History of Zelda: Part 04 – Link’s Awakening

The History of Zelda – Part 4

The Legend of Zelda. Indeed, this name is as recognisable in Video Game fame as Mario, and even Final Fantasy. Close to thirty years ago, Nintendo hired a man who would, of all things, design concepts for toys. Little did anybody know that this man would write history, influence hundreds of games, oversee the development of even more and define an entirely new genre. Shigeru Miyamoto devised the first iteration of The Legend of Zelda in the mid 1980s, and since then, The Legend of Zelda has become one of Nintendo’s very best properties.

This series of articles will look at each Zelda title in chronological order of release, describe the groundbreaking achievements and show the essence of the Action Adventure RPG.

Chapter IV – Link’s Awakening/DX (GB/C)

The Game Boy was a Nintendo Entertainment System that supported stereo sound but was lacking in colour. By 1993, some 32 million systems had been sold. The success was largely the result of Nintendo’s pack in Tetris and later Super Mario Land. Nintendo, however, had other plans for the system. One of those plans was to traverse a magnificent land of might and splendour, all in the palm of your hand, because now, you were ‘Playing with Portable Power!’.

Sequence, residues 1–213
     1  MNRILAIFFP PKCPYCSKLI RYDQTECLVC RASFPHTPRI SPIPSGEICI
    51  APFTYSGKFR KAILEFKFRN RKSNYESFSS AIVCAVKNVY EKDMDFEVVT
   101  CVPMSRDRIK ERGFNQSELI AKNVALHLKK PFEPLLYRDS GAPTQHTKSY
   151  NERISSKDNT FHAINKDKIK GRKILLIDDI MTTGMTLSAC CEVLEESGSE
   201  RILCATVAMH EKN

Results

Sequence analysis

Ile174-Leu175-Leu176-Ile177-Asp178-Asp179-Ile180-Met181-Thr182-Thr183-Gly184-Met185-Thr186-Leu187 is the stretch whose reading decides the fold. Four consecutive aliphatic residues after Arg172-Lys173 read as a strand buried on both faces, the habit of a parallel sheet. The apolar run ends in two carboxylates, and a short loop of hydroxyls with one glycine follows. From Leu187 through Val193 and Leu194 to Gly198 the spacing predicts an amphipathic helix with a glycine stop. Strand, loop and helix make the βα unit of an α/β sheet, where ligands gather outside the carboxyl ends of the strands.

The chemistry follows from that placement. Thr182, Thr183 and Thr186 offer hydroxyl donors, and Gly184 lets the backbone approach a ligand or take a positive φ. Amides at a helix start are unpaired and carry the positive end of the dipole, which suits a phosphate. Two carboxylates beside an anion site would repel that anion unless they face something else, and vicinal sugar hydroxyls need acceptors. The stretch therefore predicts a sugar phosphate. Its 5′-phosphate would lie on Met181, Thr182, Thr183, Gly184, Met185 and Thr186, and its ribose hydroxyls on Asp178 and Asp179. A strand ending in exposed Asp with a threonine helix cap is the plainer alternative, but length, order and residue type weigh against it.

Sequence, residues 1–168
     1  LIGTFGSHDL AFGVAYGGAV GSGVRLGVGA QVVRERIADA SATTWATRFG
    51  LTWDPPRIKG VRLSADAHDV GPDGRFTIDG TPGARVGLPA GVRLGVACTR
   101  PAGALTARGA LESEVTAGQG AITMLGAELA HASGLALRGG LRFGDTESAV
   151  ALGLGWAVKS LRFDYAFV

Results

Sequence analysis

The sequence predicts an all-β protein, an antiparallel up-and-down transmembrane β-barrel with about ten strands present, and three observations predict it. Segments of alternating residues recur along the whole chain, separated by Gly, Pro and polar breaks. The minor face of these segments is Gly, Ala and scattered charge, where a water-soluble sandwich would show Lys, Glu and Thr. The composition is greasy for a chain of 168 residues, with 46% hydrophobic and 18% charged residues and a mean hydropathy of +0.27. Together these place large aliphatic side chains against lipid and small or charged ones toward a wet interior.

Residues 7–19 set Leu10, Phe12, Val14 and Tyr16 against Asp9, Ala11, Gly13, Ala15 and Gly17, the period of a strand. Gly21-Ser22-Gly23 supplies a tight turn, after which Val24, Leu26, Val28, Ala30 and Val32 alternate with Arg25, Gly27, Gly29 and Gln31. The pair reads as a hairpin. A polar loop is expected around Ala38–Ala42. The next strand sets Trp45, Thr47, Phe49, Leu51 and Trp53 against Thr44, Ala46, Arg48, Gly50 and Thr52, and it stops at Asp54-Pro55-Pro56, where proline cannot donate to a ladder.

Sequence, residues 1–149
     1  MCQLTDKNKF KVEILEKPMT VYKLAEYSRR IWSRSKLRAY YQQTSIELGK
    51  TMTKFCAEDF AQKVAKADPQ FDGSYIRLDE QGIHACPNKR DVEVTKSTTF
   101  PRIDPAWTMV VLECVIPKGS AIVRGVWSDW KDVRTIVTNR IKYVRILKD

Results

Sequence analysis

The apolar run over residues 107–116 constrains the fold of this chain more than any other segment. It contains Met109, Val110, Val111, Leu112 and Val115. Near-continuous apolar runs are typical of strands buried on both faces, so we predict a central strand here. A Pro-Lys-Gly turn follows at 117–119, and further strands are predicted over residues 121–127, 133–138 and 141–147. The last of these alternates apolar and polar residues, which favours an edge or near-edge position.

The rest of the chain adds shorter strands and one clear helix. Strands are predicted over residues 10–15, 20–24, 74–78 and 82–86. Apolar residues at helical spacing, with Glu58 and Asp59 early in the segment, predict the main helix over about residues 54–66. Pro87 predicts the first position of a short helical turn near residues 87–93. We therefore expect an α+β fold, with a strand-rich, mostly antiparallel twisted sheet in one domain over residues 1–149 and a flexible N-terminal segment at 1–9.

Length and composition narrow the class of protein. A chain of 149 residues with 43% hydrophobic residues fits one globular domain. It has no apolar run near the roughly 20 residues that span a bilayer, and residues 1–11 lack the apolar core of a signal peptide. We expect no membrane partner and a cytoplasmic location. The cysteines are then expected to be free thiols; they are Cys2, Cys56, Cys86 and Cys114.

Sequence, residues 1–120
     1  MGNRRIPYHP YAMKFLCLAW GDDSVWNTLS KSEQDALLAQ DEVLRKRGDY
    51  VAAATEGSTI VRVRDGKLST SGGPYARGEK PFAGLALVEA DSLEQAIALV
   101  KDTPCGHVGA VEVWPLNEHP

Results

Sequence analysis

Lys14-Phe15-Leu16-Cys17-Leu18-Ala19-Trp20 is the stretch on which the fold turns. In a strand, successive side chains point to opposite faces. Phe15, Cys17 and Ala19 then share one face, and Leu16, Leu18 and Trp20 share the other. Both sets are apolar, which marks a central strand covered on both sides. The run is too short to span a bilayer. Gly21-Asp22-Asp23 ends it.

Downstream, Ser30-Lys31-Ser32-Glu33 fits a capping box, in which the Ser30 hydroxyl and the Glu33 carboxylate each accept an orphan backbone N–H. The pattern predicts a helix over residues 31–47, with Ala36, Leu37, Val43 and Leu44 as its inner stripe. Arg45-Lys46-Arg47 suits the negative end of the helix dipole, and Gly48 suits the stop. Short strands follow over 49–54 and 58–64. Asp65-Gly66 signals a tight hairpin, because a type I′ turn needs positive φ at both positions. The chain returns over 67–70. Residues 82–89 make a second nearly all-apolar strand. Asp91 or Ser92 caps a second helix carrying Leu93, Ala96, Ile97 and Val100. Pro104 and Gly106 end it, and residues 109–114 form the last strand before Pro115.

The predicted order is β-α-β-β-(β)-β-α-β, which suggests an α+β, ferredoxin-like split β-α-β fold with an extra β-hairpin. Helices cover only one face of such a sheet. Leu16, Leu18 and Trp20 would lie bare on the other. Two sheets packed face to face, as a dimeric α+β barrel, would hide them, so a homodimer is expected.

That magnificent land blossomed into Koholint Island, in the great ocean. Featuring a rugged mountain range, torrential rivers, gloomy forests and vast open wastelands, a new world of exploration was brought into existence. The only way home for our hero, Link, after washing up on shore, was to awaken the Wind Fish. After awakening in a bed to an onlooking young girl named Marin, who strikingly resembled the absent Princess Zelda, Link was on his way.

Link’s Awakening steered away from the traditional storyline of The Legend of Zelda, presenting a newly developed plot, refreshing the adventure for the handheld. This combination of similar cast members in a different land while still utilising the same name represented The Legend of Zelda as not just some adventure to be had in one land. Rather, The Legend of Zelda was its own style of game that prospered with each new rendition, and which can be enjoyed in any land, anywhere.

After Link’s awakening, he learned that the islanders knew little of lands across the ocean. He also learned that the Wind Fish, a mythical ‘god’, had been reduced to a deep slumber caused by ‘nightmares’. If Link was to have his questions answered by the Wind Fish, he was to defeat the nightmarish shadows of each dungeon, collect the eight instruments of the Sirens and summon the Wind Fish.

Link’s inventory had a varied set of new, old and unique objects and weapons for use along the way. New items included Roc’s Feather, allowing Link to jump. Pegasus Boots, to increase his jumping distance. Bombs and arrows, although neither being new items, could be made into a unique combination exclusive to the title that required the bombs and bow to be equipped in order to be used, producing ‘bomb arrows’. Making returns were the Power Bracelet, ocarina, shovel, hookshot and fire rod. The magic system was removed, perhaps for game constraints, but with the fire rod and magic powder as the only two magical instruments, magic was not a big factor of this game. With the array of items available, Link was more than well prepared to tackle the dungeons head on.